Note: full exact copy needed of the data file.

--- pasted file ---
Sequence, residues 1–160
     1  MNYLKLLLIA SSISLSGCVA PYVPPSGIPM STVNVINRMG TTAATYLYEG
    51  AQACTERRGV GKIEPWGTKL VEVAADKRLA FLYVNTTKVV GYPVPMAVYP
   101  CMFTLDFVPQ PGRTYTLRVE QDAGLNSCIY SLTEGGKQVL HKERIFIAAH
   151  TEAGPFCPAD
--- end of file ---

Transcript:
Sequence, residues 1–160
     1  MNYLKLLLIA SSISLSGCVA PYVPPSGIPM STVNVINRMG TTAATYLYEG
    51  AQACTERRGV GKIEPWGTKL VEVAADKRLA FLYVNTTKVV GYPVPMAVYP
   101  CMFTLDFVPQ PGRTYTLRVE QDAGLNSCIY SLTEGGKQVL HKERIFIAAH
   151  TEAGPFCPAD